Tuesday, December 27, 2005

Common Specimens in Eye Pathology-Gross

Examination of Common Specimens in Eye Pathology: Cornea, Conjunctiva, Epiretinal Membrane, Eyelids, Temporal arteries

Cornea --
Place the specimen in water and examine it under the dissecting microscope. Scoop the cornea out with blunt curved forceps other than pinching it between the teeth of the forceps. Note scars, vessels, or lesions on the surface. Note depth of lesions. Measure the diameter. Then place cornea on a flat surface with epithelium facing down (in order to protect the endothelium). Do not place it on paper towel as this will easily peel the surface layers off! Bisect the cornea with a blade (in drawer under the sharp box) and record the central and peripheral thickness. Submit half for processing and save the other half in formalin. Order PAS stain on all corneas.

The microscopic description should encompass the findings of the epithelium, basement membrane, Bowman's layer, stroma, Descemet's membrane and endothelium. Example:
Gross Description: Specimen, in formalin, labeled "OS cornea," consists of a translucent disc measuring 7 mm in diameter and 1.2 mm in central thickness and 1.4 mm in peripheral thickness. The epithelial surface is irregular and shows tiny blebs. Centrally the epithelium is missing. The specimen was bisected and cut sections reveal thickening centrally to the stroma. The specimen was submitted in cassette A.
Microscopic: Section shows epithelium with hydropic change, subepithelial bullae, and an irregular Bowman's layer. The epithelium is detached in many areas from Bowman's layer. There is stromal edema, mild inflammatory infiltrate consisting of lymphocytes and neutrophils, and stromal scarring. Descemet's membrane is artifactually absent in one large area due to tangential sectioning. The endothelium is absent.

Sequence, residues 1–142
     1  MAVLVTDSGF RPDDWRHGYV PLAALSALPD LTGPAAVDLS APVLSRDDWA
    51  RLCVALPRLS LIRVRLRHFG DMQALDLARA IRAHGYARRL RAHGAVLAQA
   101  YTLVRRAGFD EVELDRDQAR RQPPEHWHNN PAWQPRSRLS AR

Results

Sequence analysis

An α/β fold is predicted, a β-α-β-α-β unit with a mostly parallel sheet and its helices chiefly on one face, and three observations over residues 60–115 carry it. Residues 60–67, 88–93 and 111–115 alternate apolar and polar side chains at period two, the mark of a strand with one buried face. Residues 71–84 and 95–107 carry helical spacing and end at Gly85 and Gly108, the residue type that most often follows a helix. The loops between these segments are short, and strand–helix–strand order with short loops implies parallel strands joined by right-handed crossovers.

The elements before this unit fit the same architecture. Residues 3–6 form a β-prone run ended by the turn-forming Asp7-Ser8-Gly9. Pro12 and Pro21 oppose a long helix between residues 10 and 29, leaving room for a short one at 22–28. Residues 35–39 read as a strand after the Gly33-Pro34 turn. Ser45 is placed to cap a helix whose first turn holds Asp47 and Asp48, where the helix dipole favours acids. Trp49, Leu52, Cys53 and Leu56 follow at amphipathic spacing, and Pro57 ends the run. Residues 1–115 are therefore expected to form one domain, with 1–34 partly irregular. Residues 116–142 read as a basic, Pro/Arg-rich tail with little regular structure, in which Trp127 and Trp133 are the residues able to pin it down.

FINAL DIAGNOSIS: cornea, "OS" (penetrating keratoplasty)
- bullous keratopathy with acute and chronic stromal keratitis
-severe endothelial attenuation


Descemet's membrane (DESEK specimens):
Samples that are surgically removed from stripping of Descemet's membrane appear as a translucent sheet that will probably be invisible in solution. The specimen remains invisible under a dissecting microscope, so prior to even examining the specimen simple steps can be taken to visualize the sample. The steps in processing (see reference) are to add an orange tissue binding dye (eosin or mecurochrome) to the solution and make it visible. DESEK may be received from the operating room in saline or formalin. If the specimen arrives in saline then formalin is simply added to the specimen container with a drop of mecurochrome. After 4-8 hours the orange membrane is removed carefully without tearing and placed in the middle of one side of a tea bag. Gently place the tea bag side with the membraneon water and the specimen will miraculously unfold. If not then submerge the tea bag and the membrane will float and unfold. The tea bag can be used to pick up the unfolded membrane for processing. Be sure to look carefully under the dissecting microscope for guttata (tangential lighting helpful).
Fold the edges of the tea bag; the edges away from the specimen. Place the folded tea bag in a nylon bag (just to be sure it is not lost in process). Instruct the technician to bisect the membrane after processing and to place on the embedded edge.

Conjunctiva:
Surgical preparation of conjunctival biopsies-- Biopsies of the mucous membranes tend to curl when placed unsupported in fixative which makes it difficult to embed the specimen. To prevent curling, it should be gently spread on a small piece of paper towel, moistened with saline, with the stromal side against the paper, before placing it in fixative. The specimen, now adherent to the paper, is then gently floated on the surface of the fixative, making certain that the epithelial side is down and submerged in fixative. In a few hours, the specimen will be fixed flat and can either be removed for processing or can be processed while still adherent to the paper (excess paper can be trimmed before further processing). This procedure has the further advantage that any orientation information for the pathologist can be written by the surgeon on the paper (using ball-point pen or pencil). A suture can be used to help orient the specimen.

Conjunctiva is grossed in with the attention to margins. If a neoplastic process is even remotely possible, then ink the margins. If the specimen is less than 1 mm in diameter, it can be submitted without bisection. An accurate diagram should be made of the lesion before showing it to the pathology faculty.

If the conjunctiva comes with an orienting suture and is greater than 2 mm in length, then the attending pathologist will instruct the resident in preservation of proper orientation for microscopy. The principles are exactly the same as for skin biopsies with provided orientation (see below).